Get your engines revving
Review Reverse is a gear not often associated with Formula One, a sport entirely focused on hurtling forwards at breakneck speeds of up to 220mph. But it's one the sport had to engage in recent seasons to reverse a seemingly inexorable decline in popularity.
Going off grid - the revolutions begin
Several factors combined to lift F1 out of its decade-long doldrums. First, The Schuminator retired. Then, in 2009, the sport introduced its most wide ranging and impactful rule changes since 1998. At the same, the credit crunch and threat of team budget caps significantly reduced the chasm between team finances.
What greater tribute, then, to the reinvigorated sport than Codemaster's F1 2010, arguably the greatest Formula One videogame of all time.
That it can't contest the title of greatest overall driving game is understandable. Despite the recent improvements, Formula One still suffers inherent limitations. Races remain largely processional, results almost always determined by pit stop strategies, car set-ups and mechanical failures rather than by driving ability. Although at their closest for many years, the disparity in team resources maintains a gulf between F1's elite and the rest of the field. And the limitations of a single car series can never compete against the wider range of car handling and garage car-porn of freer titles, such as Forza and Gran Turismo.
Leavin the pits quicker than Jennifer Aniston
These shortcomings are, of course, firmly outside of Codemasters' control. Rather than dwelling upon what F1 doesn't do, Codemasters has concentrated efforts to capture the essence of a sport in a way few other titles manage.
The graphics are breathtaking
Immersion and photo-realism have long been pots of gold at the end of gaming's rainbow. No matter the progress with each new hardware generation and graphics engine, the end of that rainbow remains tantalisingly fixed upon the horizon. But just once in a while, you have to sit back and admire the achievement.
Change gear, the smoke is terrible
The graphics here are breathtaking. No details appear absent. Reflections streak across the cold silver of the McLaren bonnet; heat haze rises from the car in front on a scorching day; rain droplets creep up your visor as you slice through a torrential downpour.
To the spectator it's a sumptuous feast, to the driver a phenomenal blur: the unparalleled sense of speed epitomising the level of immersion. No other racer comes close to its balls-to-the-floor adrenaline rush. The weight of the car, the scream of the engine, the impending S-bend ahead: all stimulants shaken into an amphetamine cocktail to send the heart into overdrive and the pad slipping about in clammy hands.
It's not just on-track where the immersion excels. The Career Mode drops you right into the F1 circus, complete with agents and press briefings, team-mate rivalries and inter-team poaching. From the off its not you as videogame character, but you as Formula One driver. You'll need to earn the respect of your team by exceeding objectives, and earn the number one spot by consistently outperforming your team-mate. Only then will you be entrusted with the number one car, rewarded by a unending stream of technological advancements.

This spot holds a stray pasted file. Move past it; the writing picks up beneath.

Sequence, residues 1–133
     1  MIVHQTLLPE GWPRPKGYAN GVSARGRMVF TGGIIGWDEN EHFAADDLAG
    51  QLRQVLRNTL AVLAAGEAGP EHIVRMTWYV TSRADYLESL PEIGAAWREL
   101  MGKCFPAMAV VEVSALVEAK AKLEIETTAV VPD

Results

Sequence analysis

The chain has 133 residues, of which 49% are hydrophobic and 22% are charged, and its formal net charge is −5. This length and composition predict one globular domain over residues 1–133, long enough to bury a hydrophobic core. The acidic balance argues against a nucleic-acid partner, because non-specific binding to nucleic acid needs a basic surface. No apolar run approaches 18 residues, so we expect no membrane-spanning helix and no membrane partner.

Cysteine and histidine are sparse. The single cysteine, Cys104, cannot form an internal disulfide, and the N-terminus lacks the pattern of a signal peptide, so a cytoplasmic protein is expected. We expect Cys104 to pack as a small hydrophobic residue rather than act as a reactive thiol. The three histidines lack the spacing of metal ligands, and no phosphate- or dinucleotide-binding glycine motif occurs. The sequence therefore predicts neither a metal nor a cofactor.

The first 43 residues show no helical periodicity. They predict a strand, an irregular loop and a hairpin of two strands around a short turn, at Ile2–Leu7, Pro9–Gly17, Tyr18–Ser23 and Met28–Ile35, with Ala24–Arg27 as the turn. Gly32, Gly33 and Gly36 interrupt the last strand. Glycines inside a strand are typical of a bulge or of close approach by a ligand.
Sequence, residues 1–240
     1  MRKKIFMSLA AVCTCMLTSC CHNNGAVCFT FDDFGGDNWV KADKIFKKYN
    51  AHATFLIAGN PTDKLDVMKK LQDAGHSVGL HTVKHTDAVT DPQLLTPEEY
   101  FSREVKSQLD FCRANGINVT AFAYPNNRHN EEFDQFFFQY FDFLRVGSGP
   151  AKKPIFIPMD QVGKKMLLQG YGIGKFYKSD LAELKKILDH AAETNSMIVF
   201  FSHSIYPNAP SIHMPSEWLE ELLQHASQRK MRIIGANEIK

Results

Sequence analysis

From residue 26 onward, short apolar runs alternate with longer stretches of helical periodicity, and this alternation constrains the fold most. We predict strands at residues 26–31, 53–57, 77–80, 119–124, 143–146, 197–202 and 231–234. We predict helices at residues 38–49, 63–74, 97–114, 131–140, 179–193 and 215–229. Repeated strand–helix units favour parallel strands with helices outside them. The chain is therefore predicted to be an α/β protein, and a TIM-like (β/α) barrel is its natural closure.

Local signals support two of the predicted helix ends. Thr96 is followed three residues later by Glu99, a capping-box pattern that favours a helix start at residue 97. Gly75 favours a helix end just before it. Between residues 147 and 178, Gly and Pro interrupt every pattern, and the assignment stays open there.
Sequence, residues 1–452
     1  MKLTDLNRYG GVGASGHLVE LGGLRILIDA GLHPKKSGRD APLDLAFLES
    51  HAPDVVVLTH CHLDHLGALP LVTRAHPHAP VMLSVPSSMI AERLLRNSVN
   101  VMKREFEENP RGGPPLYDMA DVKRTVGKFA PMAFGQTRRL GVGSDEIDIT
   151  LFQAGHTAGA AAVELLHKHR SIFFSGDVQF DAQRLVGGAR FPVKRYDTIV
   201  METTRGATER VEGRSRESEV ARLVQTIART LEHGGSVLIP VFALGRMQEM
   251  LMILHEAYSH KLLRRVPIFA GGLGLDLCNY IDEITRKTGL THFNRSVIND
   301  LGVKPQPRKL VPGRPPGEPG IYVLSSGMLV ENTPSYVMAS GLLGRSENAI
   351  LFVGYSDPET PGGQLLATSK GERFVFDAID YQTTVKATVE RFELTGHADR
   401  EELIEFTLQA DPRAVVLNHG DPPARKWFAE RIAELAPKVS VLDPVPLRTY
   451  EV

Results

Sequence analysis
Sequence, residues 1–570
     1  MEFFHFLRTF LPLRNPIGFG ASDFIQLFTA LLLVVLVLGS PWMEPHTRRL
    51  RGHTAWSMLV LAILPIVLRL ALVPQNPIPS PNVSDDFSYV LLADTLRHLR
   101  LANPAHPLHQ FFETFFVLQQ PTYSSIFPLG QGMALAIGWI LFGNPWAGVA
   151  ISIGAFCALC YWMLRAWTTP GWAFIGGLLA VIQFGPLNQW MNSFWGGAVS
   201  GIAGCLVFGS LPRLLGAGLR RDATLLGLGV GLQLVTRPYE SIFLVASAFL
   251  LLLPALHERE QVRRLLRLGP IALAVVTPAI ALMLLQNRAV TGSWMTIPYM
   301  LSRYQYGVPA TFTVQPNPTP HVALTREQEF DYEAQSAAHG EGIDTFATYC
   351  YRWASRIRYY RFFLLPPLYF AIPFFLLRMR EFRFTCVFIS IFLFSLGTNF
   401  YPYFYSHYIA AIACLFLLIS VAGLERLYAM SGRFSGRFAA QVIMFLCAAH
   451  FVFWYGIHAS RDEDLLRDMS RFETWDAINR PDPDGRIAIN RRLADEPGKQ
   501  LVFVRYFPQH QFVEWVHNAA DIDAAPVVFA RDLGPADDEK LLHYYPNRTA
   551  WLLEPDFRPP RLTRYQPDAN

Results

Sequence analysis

One track mind
That privilege is earned both on-track and in the garage. Much more than just driver, you're the cog in the engineering feedback loop. Race weekends start with hour-long practice sessions, where you can familiarise yourself with the track and conditions, choose appropriate car set-up and tyres, even snoop on your team mate’s drive. Once ready, it's head first into the tension of timed qualification, where you jockey for grid position and fine-tune your set-up ahead of the race.
Catering for all preferences
Codemasters knows when to hit the throttle and when to apply the breaks: immersion is entirely scalable. Comfortable with the track? No problem, skip to qualification. Posted an excellent time? Fast forward to see if anyone's close. Got the stamina for the full race? Choose all 70 laps. Prefer to keep it short and sweet? Opt for 20 per cent, or 14 laps.
Coming up behind with a cockpit
There's also a range of difficulty levels catering for all preferences, and a wide variety of online modes, such as party time-trials, or the heavily customisable Grand Prix for up to 12 players.
F1 2010 is not perfect. A few minor flaws add to those inherent to Formula One. In-car instructions given by your pit boss have limited variation, and begin to grate after a while. There's also no live data from real-world F1 races – as in EA's sporting titles. And, perhaps most disappointingly, on easier settings, Career Mode places you in a competitive car, whereas earning one by working up through the teams would offer a more satisfying challenge.
F1 tracks, more bends than Uri Geller
These minor failings should come as no surprise, given that F1 2010 is the first game in what will likely be a new franchise, with annual improvements expected as in the EA Sports titles. And it will come as no surprise that this first game is such a success, given Codemasters' pedigree in other racing formats.
It's unlikely that F1 2010 will win over the majority of racing buffs, given the format's idiosyncrasies. But for true F1 fans, and a few converts won over by this most assured of starts, the future looks equally as bright for Codemasters' latest driving franchise as it does for the actual sport itself. ®
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